In my application I have a very long horizontal water pipe moving water at very high pressure. I want to keep the velocity low so as to reduce the viscosity/frictional losses to the pressure. But when I apply Bernoulli's(adsbygoogle = window.adsbygoogle || []).push({});

principle to the find the exit velocity, I seem to get the same high speed irregardless of the pipes diameter. Is this correct?

Here's the calculation:

Pi + 1/2(density)(Vi)^2 = Pe + 1/2(density)(Ve)^2 , where P and V are the pressure and velocity and the i and e subscripts indicate initial and exit values.

There is no height term since the pipe is horizontal.

For my application, I have Pi = 6000psi = 4*10^7Pa, Vi = 1m/s, and density of water = 1000kg/m^3. Pe is the ambient pressure of the air, Pe = 1bar = 100,000Pa . Solving this for Ve I get 282m/s . This is too high for me as a speed moving through the pipe because of the frictional losses in the pressure that would result over the long distance involved. But because water is incompressible if it is leaving the pipe at this speed it must be moving through the pipe at this speed. Note that the diameter of the pipe is immaterial.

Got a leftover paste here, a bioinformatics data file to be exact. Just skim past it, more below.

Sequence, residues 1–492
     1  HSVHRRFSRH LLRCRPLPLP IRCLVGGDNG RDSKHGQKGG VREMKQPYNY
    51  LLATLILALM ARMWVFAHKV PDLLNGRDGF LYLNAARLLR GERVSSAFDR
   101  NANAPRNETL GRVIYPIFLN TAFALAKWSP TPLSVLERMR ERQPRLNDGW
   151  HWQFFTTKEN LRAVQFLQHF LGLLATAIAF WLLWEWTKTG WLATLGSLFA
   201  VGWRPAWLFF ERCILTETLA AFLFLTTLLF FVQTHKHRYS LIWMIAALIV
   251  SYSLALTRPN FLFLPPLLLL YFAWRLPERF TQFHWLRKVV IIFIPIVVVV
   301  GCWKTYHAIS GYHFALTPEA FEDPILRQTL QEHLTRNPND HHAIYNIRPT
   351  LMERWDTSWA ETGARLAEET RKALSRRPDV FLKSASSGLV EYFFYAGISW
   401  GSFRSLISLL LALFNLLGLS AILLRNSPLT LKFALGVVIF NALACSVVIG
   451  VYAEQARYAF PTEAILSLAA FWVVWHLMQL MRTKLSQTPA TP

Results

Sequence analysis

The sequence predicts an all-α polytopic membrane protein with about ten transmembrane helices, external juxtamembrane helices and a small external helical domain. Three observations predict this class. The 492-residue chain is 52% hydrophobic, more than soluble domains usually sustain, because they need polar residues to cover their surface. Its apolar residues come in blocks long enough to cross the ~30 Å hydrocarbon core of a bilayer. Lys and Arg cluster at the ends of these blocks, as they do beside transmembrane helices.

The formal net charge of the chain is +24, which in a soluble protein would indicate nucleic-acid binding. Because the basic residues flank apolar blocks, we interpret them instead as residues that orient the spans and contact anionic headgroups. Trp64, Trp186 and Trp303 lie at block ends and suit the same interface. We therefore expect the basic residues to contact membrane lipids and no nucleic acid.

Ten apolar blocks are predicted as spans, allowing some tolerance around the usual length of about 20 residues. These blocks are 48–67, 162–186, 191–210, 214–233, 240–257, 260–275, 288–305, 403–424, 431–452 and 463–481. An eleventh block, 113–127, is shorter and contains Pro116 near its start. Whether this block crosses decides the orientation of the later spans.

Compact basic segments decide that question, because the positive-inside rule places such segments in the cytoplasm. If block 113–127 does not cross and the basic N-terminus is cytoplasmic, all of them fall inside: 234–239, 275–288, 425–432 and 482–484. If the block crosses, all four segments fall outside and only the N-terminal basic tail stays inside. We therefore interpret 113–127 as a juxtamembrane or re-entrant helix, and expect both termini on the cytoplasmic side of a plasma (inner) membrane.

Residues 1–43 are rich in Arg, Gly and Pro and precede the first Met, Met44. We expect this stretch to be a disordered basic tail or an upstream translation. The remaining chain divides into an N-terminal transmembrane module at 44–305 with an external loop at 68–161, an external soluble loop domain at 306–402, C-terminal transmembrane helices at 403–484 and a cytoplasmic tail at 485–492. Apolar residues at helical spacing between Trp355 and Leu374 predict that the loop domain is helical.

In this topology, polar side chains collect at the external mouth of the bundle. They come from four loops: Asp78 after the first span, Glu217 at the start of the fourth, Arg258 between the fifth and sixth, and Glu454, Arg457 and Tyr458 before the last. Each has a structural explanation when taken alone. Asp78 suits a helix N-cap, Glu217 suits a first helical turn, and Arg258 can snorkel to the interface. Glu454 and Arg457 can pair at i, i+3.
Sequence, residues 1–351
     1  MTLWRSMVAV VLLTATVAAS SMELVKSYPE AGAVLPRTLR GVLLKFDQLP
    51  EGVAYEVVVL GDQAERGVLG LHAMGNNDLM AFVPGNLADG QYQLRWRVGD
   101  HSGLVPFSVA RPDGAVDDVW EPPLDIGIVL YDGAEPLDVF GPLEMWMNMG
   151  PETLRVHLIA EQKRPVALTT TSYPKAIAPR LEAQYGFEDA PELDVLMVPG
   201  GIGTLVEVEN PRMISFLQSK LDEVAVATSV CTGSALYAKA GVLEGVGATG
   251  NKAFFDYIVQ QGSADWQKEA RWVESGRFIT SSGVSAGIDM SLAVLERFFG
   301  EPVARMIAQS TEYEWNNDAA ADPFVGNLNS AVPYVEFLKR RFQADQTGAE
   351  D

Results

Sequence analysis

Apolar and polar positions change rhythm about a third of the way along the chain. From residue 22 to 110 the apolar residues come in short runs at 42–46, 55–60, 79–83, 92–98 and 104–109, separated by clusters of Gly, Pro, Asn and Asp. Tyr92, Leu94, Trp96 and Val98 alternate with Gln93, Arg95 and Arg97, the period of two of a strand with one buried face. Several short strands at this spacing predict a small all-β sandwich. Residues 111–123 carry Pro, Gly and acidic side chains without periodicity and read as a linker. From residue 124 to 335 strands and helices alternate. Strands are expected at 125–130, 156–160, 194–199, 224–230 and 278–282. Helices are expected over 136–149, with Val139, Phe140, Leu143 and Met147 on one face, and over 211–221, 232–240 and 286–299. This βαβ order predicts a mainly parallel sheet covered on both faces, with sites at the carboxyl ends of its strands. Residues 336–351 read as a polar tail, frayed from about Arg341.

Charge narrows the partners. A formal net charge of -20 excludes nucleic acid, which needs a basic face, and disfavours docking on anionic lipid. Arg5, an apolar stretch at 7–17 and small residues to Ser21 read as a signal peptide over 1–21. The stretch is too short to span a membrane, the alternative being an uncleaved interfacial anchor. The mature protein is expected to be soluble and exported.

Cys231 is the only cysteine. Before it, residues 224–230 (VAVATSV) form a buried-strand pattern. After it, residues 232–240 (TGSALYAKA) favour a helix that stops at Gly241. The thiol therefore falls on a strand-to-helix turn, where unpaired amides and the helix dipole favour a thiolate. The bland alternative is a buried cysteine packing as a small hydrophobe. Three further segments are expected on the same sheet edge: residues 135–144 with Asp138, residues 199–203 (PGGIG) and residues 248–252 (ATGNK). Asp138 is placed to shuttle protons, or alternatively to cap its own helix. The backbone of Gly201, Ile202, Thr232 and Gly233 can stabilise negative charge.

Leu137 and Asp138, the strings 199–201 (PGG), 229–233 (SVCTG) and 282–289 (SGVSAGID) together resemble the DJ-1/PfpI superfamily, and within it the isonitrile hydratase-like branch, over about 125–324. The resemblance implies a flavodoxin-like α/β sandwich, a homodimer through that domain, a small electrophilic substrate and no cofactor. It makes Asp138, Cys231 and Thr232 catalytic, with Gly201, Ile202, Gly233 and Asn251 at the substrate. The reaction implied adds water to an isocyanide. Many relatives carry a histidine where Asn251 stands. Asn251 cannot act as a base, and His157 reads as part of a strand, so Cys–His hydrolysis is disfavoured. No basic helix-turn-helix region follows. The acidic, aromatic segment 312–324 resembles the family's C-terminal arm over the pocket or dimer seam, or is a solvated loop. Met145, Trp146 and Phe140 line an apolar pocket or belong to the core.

Is this correct?

Bob Clark

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# Exit velocity of a water pipe.

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